The rapidity of entering into EU markets largely depends on the sector of activity, the stage of development and degree of maturity of the business, its innovative capacity, the management attitude, market approach, availability of human and financial resources. Again, it is extremely important to have clear information on the government long-term economic strategy and measures to support economic development, including policies supporting competitiveness and innovation, which are crucial ingredients for exports. In any case, to take advantage of DCFTA opportunities, Georgian businesses must start preparing and plan strategically in the short, medium and long run. Major changes in businesses’ internal systems and procedures, as well as new up-front investments, might be necessary. Georgian companies differ by their level of knowledge, capacity to export and innovate, and financial strength. Most small and medium size enterprises still lack export capacities, therefore for them DCFTA will initially mean “adaptation to a transforming local market” more than entering new markets. Therefore, the time it will take for local companies to enter EU markets are a case-by-case exercise. The starting point however for any business, is to clearly understand the Association Agreement/ Deep and Comprehensive Free Trade Agreement (AA/DCFTA) provisions, preferably if translated into business language. For this, we strongly rely on the cooperation with business associations, central and local authorities and donors’ supporting measures as businesses must be informed on the consequences of the package of reforms on their day-to-day operations.
Q. Which products will be imported from the EU?
A. On the occasion of the 3rd Eastern Partnership summit, which took place on 28 and 29 November 2013 in Vilnius, Eurostat, the statistical office of the European Union, issued data on trade in goods between the 28 EU Member States and the 6 Eastern Partnership countries. According to these dates, primary goods, as food and drink and raw materials, and manufactured goods, as chemicals, machinery and vehicles, continue their positive trend of export from the EU to Georgia. The import of these goods, presumably, will be growing together with the general category of other manufactured goods. This will allow the presence on the Georgian market of a more wide range of products at affordable prices and overall better quality.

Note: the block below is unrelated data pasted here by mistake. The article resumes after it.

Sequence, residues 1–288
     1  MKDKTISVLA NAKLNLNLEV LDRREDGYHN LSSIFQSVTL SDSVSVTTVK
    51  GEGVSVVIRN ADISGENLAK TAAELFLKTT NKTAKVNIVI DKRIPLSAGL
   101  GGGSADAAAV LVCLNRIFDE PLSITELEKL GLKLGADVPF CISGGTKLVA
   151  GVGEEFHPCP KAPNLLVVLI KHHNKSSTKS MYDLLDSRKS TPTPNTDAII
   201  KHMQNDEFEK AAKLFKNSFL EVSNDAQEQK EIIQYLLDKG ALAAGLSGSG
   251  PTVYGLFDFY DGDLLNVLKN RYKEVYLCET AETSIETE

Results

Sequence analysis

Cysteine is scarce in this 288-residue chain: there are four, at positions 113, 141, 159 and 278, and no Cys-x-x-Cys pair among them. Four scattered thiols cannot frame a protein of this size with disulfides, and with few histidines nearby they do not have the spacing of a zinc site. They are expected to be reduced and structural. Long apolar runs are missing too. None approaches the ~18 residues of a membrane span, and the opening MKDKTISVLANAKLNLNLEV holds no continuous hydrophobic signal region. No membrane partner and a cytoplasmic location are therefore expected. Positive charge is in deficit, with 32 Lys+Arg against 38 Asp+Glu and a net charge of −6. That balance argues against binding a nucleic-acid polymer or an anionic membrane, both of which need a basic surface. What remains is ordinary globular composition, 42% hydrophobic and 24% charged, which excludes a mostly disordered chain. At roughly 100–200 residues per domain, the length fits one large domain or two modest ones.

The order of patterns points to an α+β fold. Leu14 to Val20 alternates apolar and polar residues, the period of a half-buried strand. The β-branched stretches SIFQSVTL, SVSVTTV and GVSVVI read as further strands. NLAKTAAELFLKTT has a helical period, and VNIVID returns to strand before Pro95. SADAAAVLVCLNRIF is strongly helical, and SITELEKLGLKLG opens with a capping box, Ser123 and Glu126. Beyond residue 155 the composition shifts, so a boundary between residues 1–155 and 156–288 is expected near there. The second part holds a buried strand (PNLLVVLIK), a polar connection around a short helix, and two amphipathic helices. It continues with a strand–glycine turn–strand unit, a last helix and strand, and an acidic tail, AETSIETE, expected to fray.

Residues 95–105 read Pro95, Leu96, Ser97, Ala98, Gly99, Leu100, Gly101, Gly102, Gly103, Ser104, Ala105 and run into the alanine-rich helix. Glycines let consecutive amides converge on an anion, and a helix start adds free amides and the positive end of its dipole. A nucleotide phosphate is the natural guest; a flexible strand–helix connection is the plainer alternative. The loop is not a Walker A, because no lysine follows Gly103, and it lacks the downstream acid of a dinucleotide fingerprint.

The EU is and will remain for Georgia an important partner for imports. One of the effects of the approximation to EU regulations is that it is likely to restrict the inflow of low quality products from third countries, creating the conditions to also boost domestic production or imports from the EU.
Q. What are the main benefits that the Georgian economy will get after entering EU markets?
A. The Free Trade Area will provide the gradual integration of Georgia with the EU’s Internal Market, with the following benefits:
• For domestic and foreign investors and entrepreneurs, as more legal certainty creates trust, as well as a fair and business-friendly environment, and reduces corruption (e.g. by introducing transparent rules on competition);
• For the consumers, as Internal Market rules would institute modern standards in the field of industrial products and food safety and would ensure better product quality;
• For inventors and artists, since their ideas and creativity would be better rewarded thanks to higher standards of protection and enforcement of Intellectual Property Rights;
• For central and local authorities, as they would spend more efficiently, and, hence, save taxpayers’ money thanks to a competition-based and transparent system for public tenders.
A predictable legal and institutional environment strengthened by the DCFTA will greatly increase the attractiveness of Georgia as an economic partner. It will facilitate business-to-business contacts and encourage foreign and domestic investments. The fact that Georgian companies, goods, services and institutions will be treated along the same lines as in the EU is an immense benefit and will lead the country on the path to sustainable economic growth.
The DCFTA will establish a transparent scenario for economic operators who would be able to prepare their strategies based on the agreed calendar of regulatory approximation with the legal framework of the EU. Besides, the harmonization to public procurement rules will also allow Georgian companies to access EU public contracts.
In the long run, an impact assessment study has estimated that trade liberalization with the EU will result in an increase of GDP in Georgia of no less than 4.3% per year, a rise of exports by a significant 12.4% and increase of imports by 7.5%.